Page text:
On May 30, 2008, about 1100 Pacific daylight time, N115AB, an Aero Commander 690A, sustained substantial damage following a landing gear collapse during landing roll at the Tacoma Narrows Airport (TIW), Tacoma, Washington. Neither the certificated airline transport pilot rated flight instructor, the first pilot, or the airline transport pilot student, the second pilot, were injured. Visual meteorological conditions prevailed for the local instructional flight, which was conducted in accordance with 14 Code of Federal Regulations (CFR) Part 91, and a flight plan was not filed. The flight departed TIW about 1000. Use your browsers 'back' function to return to synopsisReturn to Query Page
In a statement dated June 19, 2008, the second pilot, who was the owner of the airplane and the flying pilot, reported that he had engaged the services of the first pilot to provide refresher training. The second pilot stated that prior to the accident landing he had completed about 8 to 10 touch-and-go landings, and on the last landing during rollout he experienced a retraction of the right main landing gear. Local maintenance personnel reported substantial damage to the right underside area of the fuselage.
A post accident examination of the airplane by a Federal Aviation Administration (FAA) airworthiness aviation safety inspector revealed that the right main landing gear inboard clevis, P/N ED12758, which serves as the connection between the hydraulic actuating cylinder and the right main landing gear body, had failed.
The NTSB investigator-in-charge (IIC) retained both halves of the broken clevis, which were forward to the National Transportation Safety Board's Materials Laboratory in Washington, D.C., for further examination. A Senior Metallurgist reported that the fracture region revealed large shear lips completely through the wall thickness, indicative of an overstress separation. No indications of preexisting cracks or corrosion were noted at the fracture. The deformation indicated that the bending direction was parallel to the plane of rotation of the clevis bolt, with the clevis end bending forward. The reason for the overstress separation was undetermined. (Refer to the attached NTSB Materials Lab Factual Report.)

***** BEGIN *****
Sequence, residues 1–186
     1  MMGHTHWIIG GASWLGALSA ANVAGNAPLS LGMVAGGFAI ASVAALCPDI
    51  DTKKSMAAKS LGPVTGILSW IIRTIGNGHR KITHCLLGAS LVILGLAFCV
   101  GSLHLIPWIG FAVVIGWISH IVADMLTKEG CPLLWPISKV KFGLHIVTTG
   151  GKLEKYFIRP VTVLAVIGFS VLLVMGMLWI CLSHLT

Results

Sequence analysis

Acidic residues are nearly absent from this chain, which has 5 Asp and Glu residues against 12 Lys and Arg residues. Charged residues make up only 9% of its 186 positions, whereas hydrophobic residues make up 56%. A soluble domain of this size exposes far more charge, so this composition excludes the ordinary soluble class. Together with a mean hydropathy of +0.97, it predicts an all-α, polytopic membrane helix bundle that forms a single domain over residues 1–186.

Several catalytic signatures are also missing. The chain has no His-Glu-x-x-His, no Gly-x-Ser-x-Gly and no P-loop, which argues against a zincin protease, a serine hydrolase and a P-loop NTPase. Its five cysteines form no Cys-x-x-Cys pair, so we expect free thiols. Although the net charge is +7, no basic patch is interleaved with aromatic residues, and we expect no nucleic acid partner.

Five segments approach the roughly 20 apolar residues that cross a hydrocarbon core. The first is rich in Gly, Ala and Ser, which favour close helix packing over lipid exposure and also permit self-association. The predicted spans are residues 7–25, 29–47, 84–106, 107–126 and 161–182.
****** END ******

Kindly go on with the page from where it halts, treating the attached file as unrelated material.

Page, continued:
On April 25, 2005, Twin Commander Aircraft Corporation issued Service Letter No. 376, "Inspection of Main Landing Gear Clevis and Drag Brace Installations," as a result of field reports of cracks found in clevis P/N ED 12758. Compliance instructions indicated that inspection was recommended prior to further flight if the landing gear had not undergone inspection within the last 500 hours, and to reinspect at 500 hour intervals.
Maintenance records indicate that on November 1, 2006, during a 150-hour inspection at an aircraft total time of 7,670.9 hours, the rod bearing on the right main landing gear inboard actuator was replaced with a new rod end, P/N HMX6G. Maintenance records also revealed that during this inspection, repairs were made to the cracked right inboard main landing gear trunnion. The airplane's most recent annual inspection was performed on October 16, 2007, at an airframe total time of 7,673.1 hours. At the time of the accident the airframe total time was 7,673.8 hours. Maintenance records also indicate that during a 150-hour inspection performed on September 6, 2005, at an aircraft total time of 7,661.6 hours, the main and nose landing gears were inspected and overhauled. Additionally, both main landing gear and nose gear actuators were overhauled, including emergency actuators, and all hydraulic and pneumatic landing gear hoses were replaced and lead checked. (Refer to the maintenance records attached to this report.)
On July 30, 2008, under the supervision of the IIC, the accident airplane's landing gear system was examined by parties to the investigation. A replacement right main landing gear inboard clevis was installed. The examination consisted of multiple landing gear extension and retraction cycles, during which all three landing gear were observed to extend and retract normally. No landing gear anomalies were observed.
According to the Gulfstream Commander 690A/690B Maintenance Manual, Section VI, Landing Gear, Wheels and Brakes, Landing Gear Operation, when the landing gear control lever is in the down and locked position, hydraulic pressure is being applied to the inboard main landing gear actuating cylinder, as well as assisted by the outboard main landing gear (hydraulic-pneumatic) actuating cylinder to extend and lock the main gear. Bungee cords attached to the main landing gear drag braces assure that the main landing gear is locked in the down position. Unintentional retraction of the landing gear is prevented by a safety latch located to the left of the landing gear control lever. A postaccident examination revealed no anomalies with either the right main landing gear actuating cylinder or the bungee cords.